Uganda’s steady progress to life presidency; the rough and tumble begins

It is with deep concern that the plan to amend article 102(b) of the 1995 Constitution to remove the 75 years age-limit for one to run for presidency is no longer diversionary or idle talk – as has been branded before.  It is real.

Now that the Bill is reported to have been gazetted, it is official that Uganda is now hurtling towards establishing a life presidency. 

Every word in defence of the removal of the age limit rings hollow; as all we know it is intended to safeguard just an individual in power.  Not only is it wrong to legislate for a single individual, it places our fragile democratic path on the edge of a cliff.  In fact, it borders on the personalization of not only the Constitution but also the state.

Limitations on the tenure and age were inserted in the 1995 Constitution to guarantee organized transition at Presidential level – especially given the history that Uganda has never enjoyed a smooth transition from one leader to another.

In 2005, Parliament unfortunately voted for the removal of one of those safe guards – presidential term limits. Twelve years later, there are already injudicious maneuvers to remove the age limit cap for presidential candidates. The timing of the amendment makes it clear that the spirit of the Bill is to allow for the possibility of Mr. Museveni who will be above 75 years to again run for presidency in 2021, when Uganda goes to the polls.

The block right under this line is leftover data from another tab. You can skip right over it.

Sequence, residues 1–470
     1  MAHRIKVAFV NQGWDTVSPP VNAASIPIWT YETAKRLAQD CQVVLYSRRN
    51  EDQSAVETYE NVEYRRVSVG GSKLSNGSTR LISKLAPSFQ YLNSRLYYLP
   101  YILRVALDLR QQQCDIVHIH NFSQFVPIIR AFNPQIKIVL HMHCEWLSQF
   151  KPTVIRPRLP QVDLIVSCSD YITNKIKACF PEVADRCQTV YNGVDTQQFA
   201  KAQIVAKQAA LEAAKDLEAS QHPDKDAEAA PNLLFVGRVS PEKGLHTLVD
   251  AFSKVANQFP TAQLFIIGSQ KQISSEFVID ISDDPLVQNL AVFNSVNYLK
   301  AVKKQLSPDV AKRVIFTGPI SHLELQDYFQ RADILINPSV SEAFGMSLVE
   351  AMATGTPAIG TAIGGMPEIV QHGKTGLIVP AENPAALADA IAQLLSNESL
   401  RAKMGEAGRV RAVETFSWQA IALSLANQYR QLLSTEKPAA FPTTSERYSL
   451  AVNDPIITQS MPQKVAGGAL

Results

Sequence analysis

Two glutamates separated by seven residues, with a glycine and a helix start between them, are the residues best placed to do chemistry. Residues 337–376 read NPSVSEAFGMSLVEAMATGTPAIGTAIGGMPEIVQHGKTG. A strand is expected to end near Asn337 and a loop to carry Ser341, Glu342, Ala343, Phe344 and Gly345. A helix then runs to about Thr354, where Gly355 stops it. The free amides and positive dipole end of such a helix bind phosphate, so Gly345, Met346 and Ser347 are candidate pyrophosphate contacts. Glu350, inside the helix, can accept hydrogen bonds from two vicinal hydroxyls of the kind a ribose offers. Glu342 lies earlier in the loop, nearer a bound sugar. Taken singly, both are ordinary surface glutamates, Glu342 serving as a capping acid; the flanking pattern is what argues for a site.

Should any forces carry-on with the machinations to amend article 102(b) of the Constitution, we, the citizens shall mount a firm and coherent opposition stance.  We will not continue lamenting and crying betrayal at nonchalant compromises.  We are going to act in very unprecedented ways.  Citizens have been accused to bark without biting for far too long; this time, they will bite.

The battle line is drawn between the struggle for citizen-responsive democratic leadership and imperial life presidency.

We take matters that touch on our Constitution very seriously and as citizens we will deal with these political innuendos with the profound pressure and rigor required.

We remain extremely worried and concerned about the course of our country’s democratic path. Our worry and concern emboldened us more to stage a valiant fight for what is right against what is wrong.

As citizens, we will remain vigilant against the imperial and life presidency mindset that is seeking to drive from the corners.  This tendency must be exposed and fought against.  Moves to remove the upper limit of the presidential age cap are cynical and we will challenge them vigorously in all platforms.

Uganda has seen countless political coups.  It is time to sacrifice anything and everything to stop another looming “constitutional coup” through organized and effective citizen democratic pressure. This time round, we must vehemently resist a reversal of the outcome of a very expensive and painful 1995 constitution-making process.

The energy to struggle against democratic reversals is palpable; the passion to contest elements that impede peaceful democratic leadership transition is profound.

Here’s the time for a new generation of principled leadership and citizenry to emerge!


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